This is a summary of the 3 main factors you should keep in mind when trying to achieve satisfying extrusion results with the Filament Maker.
Foreword: defining "Successful extrusion"
In this article, it is assumed that your goal is to extrude printable filament:
- homogeneous composition (especially when processing composites or colorants)
- round cross-section
- thickness deviation within an acceptable range, depending on your 3D printer: typically +/- 50 to 150 micrometers
In addition to this, extrusion should be stable over time (without any major change/incident after 30min or more). This includes repeatability from one session to the next.
Key 1: Equipment cleanliness and good condition
We compiled several regular and exceptional operations in our Maintenance Guide. There is nothing worse than struggling to improve your filament quality for two weeks, only to realize all the results are unreliable because a maintenance step was skipped.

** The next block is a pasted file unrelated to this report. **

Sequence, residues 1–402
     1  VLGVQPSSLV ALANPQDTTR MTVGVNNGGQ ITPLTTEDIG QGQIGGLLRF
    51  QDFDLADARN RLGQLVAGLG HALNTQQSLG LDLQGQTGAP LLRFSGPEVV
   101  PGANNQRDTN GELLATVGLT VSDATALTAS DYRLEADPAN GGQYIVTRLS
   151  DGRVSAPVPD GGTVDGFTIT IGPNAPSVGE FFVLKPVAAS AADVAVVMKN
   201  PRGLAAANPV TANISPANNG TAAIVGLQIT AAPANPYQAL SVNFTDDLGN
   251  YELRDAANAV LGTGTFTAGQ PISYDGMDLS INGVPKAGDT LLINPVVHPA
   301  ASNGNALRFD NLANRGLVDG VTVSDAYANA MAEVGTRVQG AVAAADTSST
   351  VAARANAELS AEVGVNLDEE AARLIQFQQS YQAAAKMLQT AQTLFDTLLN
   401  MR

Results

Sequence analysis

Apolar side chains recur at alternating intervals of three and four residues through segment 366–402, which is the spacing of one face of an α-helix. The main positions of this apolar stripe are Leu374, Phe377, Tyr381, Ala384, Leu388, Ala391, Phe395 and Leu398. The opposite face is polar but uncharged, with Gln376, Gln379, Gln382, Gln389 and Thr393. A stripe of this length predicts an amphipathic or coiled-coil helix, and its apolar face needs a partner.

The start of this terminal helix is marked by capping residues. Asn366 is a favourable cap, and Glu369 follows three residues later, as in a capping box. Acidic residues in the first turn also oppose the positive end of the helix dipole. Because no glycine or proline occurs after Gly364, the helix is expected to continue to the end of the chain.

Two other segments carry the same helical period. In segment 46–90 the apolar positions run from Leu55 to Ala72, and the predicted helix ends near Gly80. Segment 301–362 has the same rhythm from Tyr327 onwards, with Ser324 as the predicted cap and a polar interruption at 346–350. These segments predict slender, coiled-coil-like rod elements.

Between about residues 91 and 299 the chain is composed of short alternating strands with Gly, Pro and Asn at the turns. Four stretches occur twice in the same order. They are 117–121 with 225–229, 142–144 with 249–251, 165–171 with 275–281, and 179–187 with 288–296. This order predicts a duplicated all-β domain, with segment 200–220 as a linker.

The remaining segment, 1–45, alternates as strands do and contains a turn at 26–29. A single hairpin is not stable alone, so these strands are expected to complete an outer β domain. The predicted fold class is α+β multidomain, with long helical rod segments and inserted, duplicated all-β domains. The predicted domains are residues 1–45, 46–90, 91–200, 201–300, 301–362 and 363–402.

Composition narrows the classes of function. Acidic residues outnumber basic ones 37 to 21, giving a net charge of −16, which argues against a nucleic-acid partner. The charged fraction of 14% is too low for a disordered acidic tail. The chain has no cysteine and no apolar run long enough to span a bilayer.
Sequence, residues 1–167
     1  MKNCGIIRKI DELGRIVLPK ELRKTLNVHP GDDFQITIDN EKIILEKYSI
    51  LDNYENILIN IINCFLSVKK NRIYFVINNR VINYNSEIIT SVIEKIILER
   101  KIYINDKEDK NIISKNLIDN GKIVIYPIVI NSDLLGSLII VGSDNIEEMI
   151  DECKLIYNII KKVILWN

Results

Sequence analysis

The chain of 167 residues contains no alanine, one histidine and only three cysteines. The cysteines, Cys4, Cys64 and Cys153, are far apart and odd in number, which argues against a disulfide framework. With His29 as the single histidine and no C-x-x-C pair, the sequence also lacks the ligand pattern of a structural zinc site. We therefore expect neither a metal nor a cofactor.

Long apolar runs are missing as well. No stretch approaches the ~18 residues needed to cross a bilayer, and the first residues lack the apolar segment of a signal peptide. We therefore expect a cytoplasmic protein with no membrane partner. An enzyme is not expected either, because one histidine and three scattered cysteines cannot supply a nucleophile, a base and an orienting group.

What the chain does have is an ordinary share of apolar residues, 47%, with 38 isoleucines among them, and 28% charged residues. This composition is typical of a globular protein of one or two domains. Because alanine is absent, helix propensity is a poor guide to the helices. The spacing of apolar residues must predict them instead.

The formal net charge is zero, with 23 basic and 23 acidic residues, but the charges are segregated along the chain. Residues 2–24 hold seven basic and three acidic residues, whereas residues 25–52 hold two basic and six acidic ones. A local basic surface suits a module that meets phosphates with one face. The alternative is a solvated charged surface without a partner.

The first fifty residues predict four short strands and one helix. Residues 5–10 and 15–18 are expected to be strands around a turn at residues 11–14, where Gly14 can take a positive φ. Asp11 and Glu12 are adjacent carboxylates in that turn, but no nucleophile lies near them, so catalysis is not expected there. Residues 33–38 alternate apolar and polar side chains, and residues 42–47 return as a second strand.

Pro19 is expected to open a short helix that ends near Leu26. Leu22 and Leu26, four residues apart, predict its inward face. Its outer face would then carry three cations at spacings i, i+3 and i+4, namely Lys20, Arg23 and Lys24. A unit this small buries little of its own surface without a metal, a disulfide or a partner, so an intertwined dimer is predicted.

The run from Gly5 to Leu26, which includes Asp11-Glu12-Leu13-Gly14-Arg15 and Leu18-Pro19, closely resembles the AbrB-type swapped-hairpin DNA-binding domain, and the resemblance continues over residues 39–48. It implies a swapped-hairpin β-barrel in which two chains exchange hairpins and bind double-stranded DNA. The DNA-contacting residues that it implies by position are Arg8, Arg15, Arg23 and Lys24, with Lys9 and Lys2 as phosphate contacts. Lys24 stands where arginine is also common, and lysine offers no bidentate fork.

Key 2: Material selection
Some materials can be extruded easily. Others might require weeks of finetuning. And certain grades are impossible to turn into good quality filament. While extrusion-testing is the best way to assess that, we wrote a Material Selection guide, hoping to save you time and trouble in the lab.
Key 3: Right settings
It is impossible to predict exactly which settings you will need to choose for your own special grade of material. Each grade is unique. Even two PLAs might behave quite differently. The easiest way to find the best settings for your material is to follow a step-by-step methodology as explained in chapter 6.